The timing of marriage is perhaps the best example of an extremely important event in our lives that is almost impossible to plan. Like other important mortal events that depend on the agency of others or the will and timing of the Lord, marriage cannot be anticipated or planned with certainty. We can and should work for and pray for our righteous desires, but, despite this, many will remain single well beyond their desired time for marriage.
So what should be done in the meantime? Faith in the Lord Jesus Christ prepares us for whatever life brings. This kind of faith prepares us to deal with life’s opportunities—to take advantage of those that are received and to persist through the disappointments of those that are lost. We should commit ourselves to the priorities and standards we will follow on matters we do not control and persist faithfully in those commitments whatever happens to us because of the agency of others or the timing of the Lord. When we do this, we will have a constancy in our lives that will give us direction and peace.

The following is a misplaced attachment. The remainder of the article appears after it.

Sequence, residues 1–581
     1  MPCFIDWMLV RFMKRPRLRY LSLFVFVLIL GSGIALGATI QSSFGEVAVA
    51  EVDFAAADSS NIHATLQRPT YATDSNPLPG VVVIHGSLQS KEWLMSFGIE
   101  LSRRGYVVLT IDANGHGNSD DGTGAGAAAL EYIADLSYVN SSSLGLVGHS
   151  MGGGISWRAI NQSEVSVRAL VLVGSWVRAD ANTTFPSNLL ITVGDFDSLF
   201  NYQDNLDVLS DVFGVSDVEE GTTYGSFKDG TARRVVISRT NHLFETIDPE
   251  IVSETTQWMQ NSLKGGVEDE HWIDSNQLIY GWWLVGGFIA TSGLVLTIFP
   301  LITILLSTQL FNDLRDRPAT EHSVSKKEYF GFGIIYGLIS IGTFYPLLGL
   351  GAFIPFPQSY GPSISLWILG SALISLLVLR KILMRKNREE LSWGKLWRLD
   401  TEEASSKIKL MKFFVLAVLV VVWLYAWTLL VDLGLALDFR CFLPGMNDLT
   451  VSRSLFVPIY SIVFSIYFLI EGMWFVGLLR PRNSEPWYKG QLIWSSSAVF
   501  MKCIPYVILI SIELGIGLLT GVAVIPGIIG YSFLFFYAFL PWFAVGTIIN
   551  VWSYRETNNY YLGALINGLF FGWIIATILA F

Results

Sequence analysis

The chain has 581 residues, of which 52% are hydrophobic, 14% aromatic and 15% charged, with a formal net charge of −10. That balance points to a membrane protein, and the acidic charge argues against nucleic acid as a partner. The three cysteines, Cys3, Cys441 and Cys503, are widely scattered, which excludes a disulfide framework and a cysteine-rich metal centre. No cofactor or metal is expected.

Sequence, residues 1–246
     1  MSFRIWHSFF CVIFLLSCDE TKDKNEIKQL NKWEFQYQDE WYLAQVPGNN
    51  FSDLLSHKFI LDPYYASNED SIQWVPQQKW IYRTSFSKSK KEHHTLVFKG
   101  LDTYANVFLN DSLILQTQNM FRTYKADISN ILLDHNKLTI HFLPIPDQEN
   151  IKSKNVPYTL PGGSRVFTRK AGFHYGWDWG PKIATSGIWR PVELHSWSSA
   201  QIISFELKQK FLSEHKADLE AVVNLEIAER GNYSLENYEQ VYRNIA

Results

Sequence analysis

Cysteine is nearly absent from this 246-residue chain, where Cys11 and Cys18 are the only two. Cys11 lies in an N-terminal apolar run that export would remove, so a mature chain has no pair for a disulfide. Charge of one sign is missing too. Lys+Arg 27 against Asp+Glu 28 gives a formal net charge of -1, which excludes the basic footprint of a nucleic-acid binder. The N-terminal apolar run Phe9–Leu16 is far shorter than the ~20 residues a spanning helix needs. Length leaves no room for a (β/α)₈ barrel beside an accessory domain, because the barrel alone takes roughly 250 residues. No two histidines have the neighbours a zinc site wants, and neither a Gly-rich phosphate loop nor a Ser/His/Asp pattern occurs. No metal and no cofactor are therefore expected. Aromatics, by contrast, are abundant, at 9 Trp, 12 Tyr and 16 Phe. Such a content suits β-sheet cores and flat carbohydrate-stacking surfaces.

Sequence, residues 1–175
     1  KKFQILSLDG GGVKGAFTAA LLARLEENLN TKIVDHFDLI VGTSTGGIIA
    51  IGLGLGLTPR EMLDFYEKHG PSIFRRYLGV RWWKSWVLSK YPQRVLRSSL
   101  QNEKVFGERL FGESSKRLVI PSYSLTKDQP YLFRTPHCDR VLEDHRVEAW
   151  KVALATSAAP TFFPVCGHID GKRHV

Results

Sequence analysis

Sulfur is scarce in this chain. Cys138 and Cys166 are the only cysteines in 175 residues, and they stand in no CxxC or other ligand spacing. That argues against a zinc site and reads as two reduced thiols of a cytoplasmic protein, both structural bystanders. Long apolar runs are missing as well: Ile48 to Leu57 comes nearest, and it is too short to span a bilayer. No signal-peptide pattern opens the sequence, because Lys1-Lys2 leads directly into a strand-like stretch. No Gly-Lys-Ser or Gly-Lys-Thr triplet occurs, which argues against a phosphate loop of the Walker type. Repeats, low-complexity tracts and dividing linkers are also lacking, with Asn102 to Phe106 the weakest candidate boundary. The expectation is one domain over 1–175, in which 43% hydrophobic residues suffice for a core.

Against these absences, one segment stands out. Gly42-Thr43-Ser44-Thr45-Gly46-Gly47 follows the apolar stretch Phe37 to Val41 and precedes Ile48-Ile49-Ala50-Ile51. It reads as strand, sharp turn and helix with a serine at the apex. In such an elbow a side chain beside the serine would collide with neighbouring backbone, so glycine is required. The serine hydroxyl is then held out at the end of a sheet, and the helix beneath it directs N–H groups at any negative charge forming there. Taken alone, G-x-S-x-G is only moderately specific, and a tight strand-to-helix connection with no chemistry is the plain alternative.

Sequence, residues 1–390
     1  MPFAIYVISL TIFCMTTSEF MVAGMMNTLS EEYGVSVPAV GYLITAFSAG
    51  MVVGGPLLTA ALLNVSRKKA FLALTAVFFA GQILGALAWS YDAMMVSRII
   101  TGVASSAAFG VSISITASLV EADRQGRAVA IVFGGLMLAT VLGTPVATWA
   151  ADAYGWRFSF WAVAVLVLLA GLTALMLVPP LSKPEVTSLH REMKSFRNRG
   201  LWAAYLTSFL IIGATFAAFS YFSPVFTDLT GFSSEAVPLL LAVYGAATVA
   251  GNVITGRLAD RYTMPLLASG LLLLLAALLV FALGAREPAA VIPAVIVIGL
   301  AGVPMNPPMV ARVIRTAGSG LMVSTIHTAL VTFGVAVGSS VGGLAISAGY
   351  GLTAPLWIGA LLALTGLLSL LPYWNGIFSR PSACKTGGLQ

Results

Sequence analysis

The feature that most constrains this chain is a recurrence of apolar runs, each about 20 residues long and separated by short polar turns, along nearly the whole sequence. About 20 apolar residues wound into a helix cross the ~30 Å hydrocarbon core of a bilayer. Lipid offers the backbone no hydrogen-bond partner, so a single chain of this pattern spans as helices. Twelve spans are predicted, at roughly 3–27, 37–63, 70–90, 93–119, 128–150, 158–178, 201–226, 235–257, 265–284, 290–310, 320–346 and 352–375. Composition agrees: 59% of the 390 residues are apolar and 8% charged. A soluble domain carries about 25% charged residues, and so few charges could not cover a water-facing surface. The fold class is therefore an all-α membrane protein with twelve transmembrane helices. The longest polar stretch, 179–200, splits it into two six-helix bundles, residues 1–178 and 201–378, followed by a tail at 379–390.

Wise are those who make this commitment: I will put the Lord first in my life and I will keep His commandments. The performance of that commitment is within everyone’s control. We can fulfill that commitment without regard to what others decide to do, and that commitment will anchor us no matter what timing the Lord directs for the most important events in our lives.
If we have faith in God and if we are committed to the fundamentals of keeping His commandments and putting Him first in our lives, we do not need to plan every single event—even every important event—and we should not feel rejected or depressed if some things—even some very important things—do not happen at the time we had planned or hoped or prayed.
After I served as president of BYU for nine years, I was released. A few months later the governor of the state of Utah appointed me to a 10-year term on the supreme court of this state. I was then 48 years old. My wife June and I tried to plan the rest of our lives. We wanted to serve the full-time mission neither of us had been privileged to serve. At the end of two 10-year terms, when I would be nearly 69 years old, I would retire from the supreme court and we would submit our missionary papers and serve a mission as a couple.